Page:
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June 13, 2012

Genealogy, Borneo Style

Tom McLaughlin

Kuching, Malaysian Borneo – I have always been interested in roots. I tried o track down my family origins but got stuck in the 1860 census.


After that, everyone seems to disappear off the planet. Maybe my family line did come from outer space. One of those new found planets could be the source of my origins.


There was a memorial service at my wife’s brother’s house for those who had passed away. The men sat in the front room with 10 male children of all ages. We recited verses from the Qur’an, invoking the names of the dead and asking Allah to remember them and be placed with the good people in heaven.


The belief states that souls are in suspension until the rapture. The prayers are food, light and other necessities for these people until then. The more we remember those who have passed away the better life they will have while they are “in between.”


Concluding the 45 minute prayer session, we had a fantastic meal of fried fish with turmeric and salt. When eaten, it was dipped in a very hot soya sauce with chili and lime. Chicken, beef, dhal (mixture of eggplants and navy beans) curry and tons of fried chicken with a wonderful coating were consumed in vast quantities. There was a pickled veggie of some kind, not sure what, with small red chilies (the most dangerous,) floating around. Two types of rice, white and briyani was also served. Cold, bright-red watermelon provided a relief from the spicy foods. Just as we fill the souls with our prayers, we become filled with food.


I felt this would be a good time to begin a genealogy project for Dzul to understand his Asian background. Everybody who remembered was there, as all had to be extracted as oral history.


Dzul’s great, great, great grandfather, Panglima Seman, was employed by the white Rajahs (the Brooke family) who ruled Sarawak in a lineage from about 1840 to 1946. His job was to fight the pirates who were raiding the coast. He would hold his breath and swim underwater to the pirate boat and pull the invaders underwater. He then bashed their heads against rocks. That is how the Kampung, Panglima Seman, got his name.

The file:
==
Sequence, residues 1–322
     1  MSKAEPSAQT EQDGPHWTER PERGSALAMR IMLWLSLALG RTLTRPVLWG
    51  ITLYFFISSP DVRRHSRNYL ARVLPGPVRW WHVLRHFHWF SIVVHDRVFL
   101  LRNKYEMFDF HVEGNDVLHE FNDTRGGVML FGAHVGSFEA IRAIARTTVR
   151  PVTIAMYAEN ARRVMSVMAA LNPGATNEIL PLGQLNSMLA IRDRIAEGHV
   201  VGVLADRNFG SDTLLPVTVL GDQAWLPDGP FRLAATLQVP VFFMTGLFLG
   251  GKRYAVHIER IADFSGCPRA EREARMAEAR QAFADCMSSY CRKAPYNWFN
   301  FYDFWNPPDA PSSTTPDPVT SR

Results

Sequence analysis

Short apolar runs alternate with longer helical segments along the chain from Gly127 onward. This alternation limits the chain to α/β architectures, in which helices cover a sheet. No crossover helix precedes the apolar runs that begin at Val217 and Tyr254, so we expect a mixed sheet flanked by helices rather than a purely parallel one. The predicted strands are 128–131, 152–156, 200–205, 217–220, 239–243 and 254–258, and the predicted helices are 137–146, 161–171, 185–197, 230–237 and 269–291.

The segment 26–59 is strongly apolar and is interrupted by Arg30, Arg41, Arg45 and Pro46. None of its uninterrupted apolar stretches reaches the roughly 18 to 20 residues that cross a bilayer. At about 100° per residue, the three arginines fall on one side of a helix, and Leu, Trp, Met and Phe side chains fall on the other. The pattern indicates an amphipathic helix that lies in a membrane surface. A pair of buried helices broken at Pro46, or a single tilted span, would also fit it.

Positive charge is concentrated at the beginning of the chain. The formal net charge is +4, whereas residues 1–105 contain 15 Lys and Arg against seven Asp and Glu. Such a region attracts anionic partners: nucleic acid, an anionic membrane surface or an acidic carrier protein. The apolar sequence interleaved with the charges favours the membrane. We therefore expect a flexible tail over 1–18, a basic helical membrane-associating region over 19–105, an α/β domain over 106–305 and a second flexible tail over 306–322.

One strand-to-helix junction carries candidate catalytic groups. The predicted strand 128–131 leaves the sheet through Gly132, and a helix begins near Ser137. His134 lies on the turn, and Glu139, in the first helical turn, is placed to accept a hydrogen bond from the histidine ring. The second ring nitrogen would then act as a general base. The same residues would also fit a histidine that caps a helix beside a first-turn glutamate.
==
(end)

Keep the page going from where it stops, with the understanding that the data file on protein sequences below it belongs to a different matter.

Westerners may have the idea of a huge masted ship, but here they were the size of a small three or four man dhow. His bravery was rewarded by the Rajah Brooke with the title of “Panglima,” meaning warrior. There is a village named after him across the river from my condo, Kampung Panglima Seman.


Panglima Seman also had some supernatural powers. It was said he could walk across mud without sinking, leaving only his footprints. A knife could not penetrate his skin regardless of how sharp. He had super human strength.


While trying to recruit others, a spear was thrust into a tree but only penetrated a few inches. None of the big burly men could pull it out. The Panglima, a small slight man, yanked and it came out almost immediately.


His grandson, Kipli bin Man also had powers. He once slapped a tree, the tree died and he was able to carry the entire Iron Wood tree, about 30 meters (90 feet) in length on his shoulder. When he went fishing in a boat he could carry the small vessel on his back.  He could easily swing the heaviest ax when felling trees for firewood in the forest.


These stories are partially true and wildly embellished but still a wonderful history to pass down through the generations. And Dzul now has some sense of place on this wonderful island of Borneo.


. . . . .Life is Good. . . . .


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